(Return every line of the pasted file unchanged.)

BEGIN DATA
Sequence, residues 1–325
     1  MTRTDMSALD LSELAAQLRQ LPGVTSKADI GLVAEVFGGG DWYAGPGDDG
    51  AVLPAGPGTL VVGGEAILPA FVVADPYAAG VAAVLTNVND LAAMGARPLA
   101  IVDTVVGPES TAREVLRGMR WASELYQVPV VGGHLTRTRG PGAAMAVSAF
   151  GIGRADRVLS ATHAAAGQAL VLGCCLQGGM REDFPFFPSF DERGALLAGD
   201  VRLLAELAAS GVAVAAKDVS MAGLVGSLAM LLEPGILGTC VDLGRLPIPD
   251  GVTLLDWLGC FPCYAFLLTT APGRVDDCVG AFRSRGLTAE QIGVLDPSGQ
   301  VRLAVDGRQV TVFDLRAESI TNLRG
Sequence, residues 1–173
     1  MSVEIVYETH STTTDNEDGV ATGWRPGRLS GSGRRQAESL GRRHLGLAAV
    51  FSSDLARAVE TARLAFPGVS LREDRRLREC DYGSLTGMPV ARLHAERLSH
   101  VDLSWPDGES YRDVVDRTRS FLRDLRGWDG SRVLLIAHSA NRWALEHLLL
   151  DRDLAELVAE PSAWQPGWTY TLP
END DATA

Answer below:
Sequence, residues 1–325
     1  MTRTDMSALD LSELAAQLRQ LPGVTSKADI GLVAEVFGGG DWYAGPGDDG
    51  AVLPAGPGTL VVGGEAILPA FVVADPYAAG VAAVLTNVND LAAMGARPLA
   101  IVDTVVGPES TAREVLRGMR WASELYQVPV VGGHLTRTRG PGAAMAVSAF
   151  GIGRADRVLS ATHAAAGQAL VLGCCLQGGM REDFPFFPSF DERGALLAGD
   201  VRLLAELAAS GVAVAAKDVS MAGLVGSLAM LLEPGILGTC VDLGRLPIPD
   251  GVTLLDWLGC FPCYAFLLTT APGRVDDCVG AFRSRGLTAE QIGVLDPSGQ
   301  VRLAVDGRQV TVFDLRAESI TNLRG
Sequence, residues 1–173
     1  MSVEIVYETH STTTDNEDGV ATGWRPGRLS GSGRRQAESL GRRHLGLAAV
    51  FSSDLARAVE TARLAFPGVS LREDRRLREC DYGSLTGMPV ARLHAERLSH
   101  VDLSWPDGES YRDVVDRTRS FLRDLRGWDG SRVLLIAHSA NRWALEHLLL
   151  DRDLAELVAE PSAWQPGWTY TLP